Rule #6: Bad Dad Rule

I apologize to my listeners and readers for my disappearance. I had a personal crisis which took me away from my new podcast and 2catrule postings while I sorted out my emotions and decided how I could regroup.

I’ve long ago realized that the definition of my life was not going be what I acquired or achieved- but the definition of my life would be found in how my children and grand children lived. How they learned to treat others.

In all these blog postings and podcasts the two consistent lessons of life are 1.Be Kind 2. Be Grateful. Everything I want to teach my children about life come down to those two themes.

As I have said from the beginning of this journey I am a flawed man. I think in the end my children will learn more from my mistakes than my successes.  I have realized that the journey I am on is an imperfect one, and I have made many mistakes. Its is certain that I will make many more.

I know that  my children respect and love me, but at times disagree with me. At different points in their lives they have seen me as an authoritarian, a bullshitter (I know its hard to believe), and generally the road block to their joy. My parenting approach was not to try to be loved or even liked, but to embrace the role of parent and hopefully, in the long run, find that love with my children. I knew that being a parent it was impossible to be liked when I was the keeper of resources and the dispenser of discipline.  I wanted to raise good people more than I wanted to be liked.

What put me on a tightrope of emotions was I was doing this as a divorced father. This made it hard to get the consistency necessary to deliver difficult messages when needed. I fortunately had a partner in Bobbi who supported me in my actions even when she disagreed with me. It is the consistency in messaging and the consistency in love which allowed me to cross that rope with a couple of scary stumbles but no falls.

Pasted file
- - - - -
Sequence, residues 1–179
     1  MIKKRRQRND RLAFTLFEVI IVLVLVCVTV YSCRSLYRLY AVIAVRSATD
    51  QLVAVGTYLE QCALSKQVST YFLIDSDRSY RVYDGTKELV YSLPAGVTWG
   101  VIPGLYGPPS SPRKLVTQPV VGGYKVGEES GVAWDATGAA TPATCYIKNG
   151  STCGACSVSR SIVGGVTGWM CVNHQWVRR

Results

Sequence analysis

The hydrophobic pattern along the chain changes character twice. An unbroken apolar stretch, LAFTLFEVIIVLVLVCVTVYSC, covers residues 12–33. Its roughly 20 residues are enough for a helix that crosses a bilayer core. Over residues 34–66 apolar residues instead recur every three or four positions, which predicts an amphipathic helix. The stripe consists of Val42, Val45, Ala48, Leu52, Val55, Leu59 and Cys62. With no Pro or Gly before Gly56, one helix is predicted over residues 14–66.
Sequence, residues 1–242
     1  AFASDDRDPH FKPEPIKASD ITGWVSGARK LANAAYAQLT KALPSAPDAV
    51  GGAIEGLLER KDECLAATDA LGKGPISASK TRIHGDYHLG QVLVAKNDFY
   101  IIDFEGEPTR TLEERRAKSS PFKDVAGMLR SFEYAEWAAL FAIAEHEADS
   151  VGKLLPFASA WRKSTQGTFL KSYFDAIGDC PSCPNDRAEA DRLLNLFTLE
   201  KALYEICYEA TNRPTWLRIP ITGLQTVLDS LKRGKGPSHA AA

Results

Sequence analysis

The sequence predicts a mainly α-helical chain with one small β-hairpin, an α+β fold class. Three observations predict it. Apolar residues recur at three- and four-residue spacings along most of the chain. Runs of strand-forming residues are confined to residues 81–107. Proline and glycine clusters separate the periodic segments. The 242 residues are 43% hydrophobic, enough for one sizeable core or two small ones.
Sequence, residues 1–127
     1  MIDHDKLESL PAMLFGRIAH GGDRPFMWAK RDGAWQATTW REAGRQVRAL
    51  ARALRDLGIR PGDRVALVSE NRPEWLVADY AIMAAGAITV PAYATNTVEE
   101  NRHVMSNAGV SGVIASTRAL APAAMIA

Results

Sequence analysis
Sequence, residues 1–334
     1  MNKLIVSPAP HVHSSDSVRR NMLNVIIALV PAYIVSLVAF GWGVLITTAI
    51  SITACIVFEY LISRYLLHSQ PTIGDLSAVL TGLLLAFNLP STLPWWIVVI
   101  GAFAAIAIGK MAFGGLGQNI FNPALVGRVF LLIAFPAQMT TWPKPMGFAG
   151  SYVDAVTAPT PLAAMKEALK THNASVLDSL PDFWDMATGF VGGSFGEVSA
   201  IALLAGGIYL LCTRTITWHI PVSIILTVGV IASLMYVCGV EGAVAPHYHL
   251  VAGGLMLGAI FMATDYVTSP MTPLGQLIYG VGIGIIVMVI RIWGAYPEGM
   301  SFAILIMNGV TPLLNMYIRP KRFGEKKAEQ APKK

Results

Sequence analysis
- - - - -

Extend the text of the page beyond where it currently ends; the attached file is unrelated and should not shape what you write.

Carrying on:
In the early heat of emotion of the divorce I saw this impact on my kids and knew I had to get them off the battle field- someone had to be an adult, they needed parents not combatants. Whenever things got bad, and bad things were said about me or to me, I kept telling myself that my kids need a parent – my kids needed  me to be an adult or their lives would fall into a state of constant turmoil. Sometimes you have to suck it up and focus on what your kids need even if at the moment it makes you look terrible.

It still sucked for them. Divorce is an unstable state where the kids are rocked back and forth on an emotional boat. They need to have something to grab on to and trust, something that reaffirms that they are not alone.

When parenting its hard to see the hits you take along the way will yield results- but they do.

As I look at all six of them, ages 19-34 today, I could not be more proud of them  Yes, they all have been successful academically and financially. But more importantly they are truly good people that understand those two lessons of kindness and gratitude. They are all imperfect like their father, and I see some of the flaws that I have passed down to them. But by a large margin they are winning at the game of life by being good people.

What stopped me from publishing this podcast and blog was when one of my children called me a “bad dad”.  It was in regards to a discussion of actions and consequences, and a disagreement over how I was approaching a situation.

In the 34 years I have been parenting I have sought advice from books, websites, therapists and friends – and most consistently Bobbi. I never claimed to have all the answers, and always tried to respectfully listen to advice whether it was solicited or not. My Dad gave me lots of it, some I listened to and used, other I listened to and went a different way. In all this advice I was the final decision maker on how to parent- it was not a democracy.